Argentina is trying to reduce its energy dependency with the development of an oil refinery supported by the International Finance Corporation (IFC) and the launch of a tender for 1GW of renewable energy projects.
In the refinery deal, the IFC has arranged a long-term loan of US$378mn to Argentina’s Axion Energy for the expansion of its oil-refining capacities in Campana and to help its adoption of higher environmental standards.
The financing package is composed of an eight-year US$78mn loan from the IFC itself, and US$300mn from various commercial banks including ICBC, Santander, BBVA, Crédit Agricole and Citi, with tenors of five to six years.
The deal marks Argentina’s return to long-term syndicated loans, and will help the country to reduce its dependency on imported fuels, according to the IFC.
In parallel, Axion will invest US$1.5bn of its own capital into the Campana refinery.
Alzbeta Klein, manufacturing, agro-industries and services director at the IFC, says: “The mobilisation of long-term financing from international banks is proof not only of Axion’s strong profile in the market, but also of the potential to generate new private investments in Argentina.”
Campana is Argentina’s third-largest oil refinery, representing 15% of the country’s refining capacity.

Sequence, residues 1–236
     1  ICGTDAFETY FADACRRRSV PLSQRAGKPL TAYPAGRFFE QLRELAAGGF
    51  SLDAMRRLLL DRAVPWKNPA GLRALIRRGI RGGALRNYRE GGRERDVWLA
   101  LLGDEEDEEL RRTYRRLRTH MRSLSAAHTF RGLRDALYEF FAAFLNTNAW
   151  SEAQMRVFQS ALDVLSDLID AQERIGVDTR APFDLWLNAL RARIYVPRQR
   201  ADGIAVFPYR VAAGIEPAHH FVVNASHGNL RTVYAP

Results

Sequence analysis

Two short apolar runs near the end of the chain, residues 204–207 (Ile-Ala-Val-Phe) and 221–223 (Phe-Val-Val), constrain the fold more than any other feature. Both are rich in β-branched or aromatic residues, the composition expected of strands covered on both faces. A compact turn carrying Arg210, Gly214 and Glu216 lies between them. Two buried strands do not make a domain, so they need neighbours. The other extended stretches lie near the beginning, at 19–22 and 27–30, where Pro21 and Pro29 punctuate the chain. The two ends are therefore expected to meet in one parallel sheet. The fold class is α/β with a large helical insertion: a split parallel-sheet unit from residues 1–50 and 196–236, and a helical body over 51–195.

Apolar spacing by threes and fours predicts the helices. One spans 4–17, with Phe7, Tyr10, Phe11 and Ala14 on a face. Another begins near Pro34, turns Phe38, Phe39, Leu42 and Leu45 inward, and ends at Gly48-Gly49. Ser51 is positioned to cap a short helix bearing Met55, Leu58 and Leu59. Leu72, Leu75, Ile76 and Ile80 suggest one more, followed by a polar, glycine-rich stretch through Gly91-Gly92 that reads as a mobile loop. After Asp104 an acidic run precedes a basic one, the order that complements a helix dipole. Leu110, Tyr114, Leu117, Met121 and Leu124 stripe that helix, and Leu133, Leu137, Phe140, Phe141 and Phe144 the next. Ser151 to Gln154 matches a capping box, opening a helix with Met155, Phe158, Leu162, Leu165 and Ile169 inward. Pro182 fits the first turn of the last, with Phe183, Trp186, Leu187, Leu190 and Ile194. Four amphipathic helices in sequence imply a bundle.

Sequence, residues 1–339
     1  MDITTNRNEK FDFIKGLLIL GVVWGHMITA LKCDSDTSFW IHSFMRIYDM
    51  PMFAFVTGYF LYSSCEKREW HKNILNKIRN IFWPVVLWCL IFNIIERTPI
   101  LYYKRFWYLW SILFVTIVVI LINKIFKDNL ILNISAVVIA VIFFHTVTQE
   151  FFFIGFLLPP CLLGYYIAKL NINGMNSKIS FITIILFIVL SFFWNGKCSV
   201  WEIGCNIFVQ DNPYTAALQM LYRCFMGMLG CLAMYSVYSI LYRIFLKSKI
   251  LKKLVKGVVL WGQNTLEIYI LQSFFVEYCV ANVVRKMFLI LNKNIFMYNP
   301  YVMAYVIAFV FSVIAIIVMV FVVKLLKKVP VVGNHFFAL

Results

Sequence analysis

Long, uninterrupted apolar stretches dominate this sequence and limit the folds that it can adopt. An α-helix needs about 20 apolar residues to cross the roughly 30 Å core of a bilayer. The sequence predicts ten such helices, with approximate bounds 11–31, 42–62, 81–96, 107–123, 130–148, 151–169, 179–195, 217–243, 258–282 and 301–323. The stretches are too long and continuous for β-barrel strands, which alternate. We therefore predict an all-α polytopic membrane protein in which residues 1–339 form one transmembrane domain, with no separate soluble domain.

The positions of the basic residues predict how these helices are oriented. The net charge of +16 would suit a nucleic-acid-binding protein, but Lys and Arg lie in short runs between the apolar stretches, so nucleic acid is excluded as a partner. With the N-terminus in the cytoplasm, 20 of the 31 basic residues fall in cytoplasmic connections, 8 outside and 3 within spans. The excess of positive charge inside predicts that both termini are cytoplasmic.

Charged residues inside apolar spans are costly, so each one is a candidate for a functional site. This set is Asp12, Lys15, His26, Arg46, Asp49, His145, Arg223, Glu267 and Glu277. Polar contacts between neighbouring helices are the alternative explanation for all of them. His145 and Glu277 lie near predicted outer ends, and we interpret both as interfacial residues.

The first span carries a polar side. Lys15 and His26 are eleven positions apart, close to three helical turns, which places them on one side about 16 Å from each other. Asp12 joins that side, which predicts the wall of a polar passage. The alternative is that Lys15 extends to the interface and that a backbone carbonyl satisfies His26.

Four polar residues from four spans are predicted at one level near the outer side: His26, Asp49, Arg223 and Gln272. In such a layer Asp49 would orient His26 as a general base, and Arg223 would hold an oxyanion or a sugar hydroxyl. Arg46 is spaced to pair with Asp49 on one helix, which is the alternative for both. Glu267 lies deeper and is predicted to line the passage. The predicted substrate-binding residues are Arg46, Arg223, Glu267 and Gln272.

Meanwhile, President Mauricio Macri has launched a bidding process for 1GW of renewable energy projects requiring investments of US$1.5bn to US$2bn. The tender was announced within the framework of a new law requiring Argentina to generate 8% of its energy needs via clean technologies by 2017, and 20% by 2025.
As part of the new law, the government will grant fiscal benefits (including an anticipated VAT return, an accelerated amortisation for income tax and exemptions in import duties) and a priority in payment to renewable energy sellers.
The 1GW of this first auction will be split between 600MW of wind power, 300MW of solar power, 65MW of biomass power, 20MW of small hydroelectric projects and 15MW of biogas power, with all projects aiming to be completed within 24 months.
According to Argentinean law firm Alfaro Abogados, this first round of projects alone could save the country around US$300mn in fuel importation for electricity generation. Contracts are expected to be announced in September.
Argentina’s government expects renewable energy projects to bring investments for US$5bn by 2017, and a total of US$20bn by the end of 2025.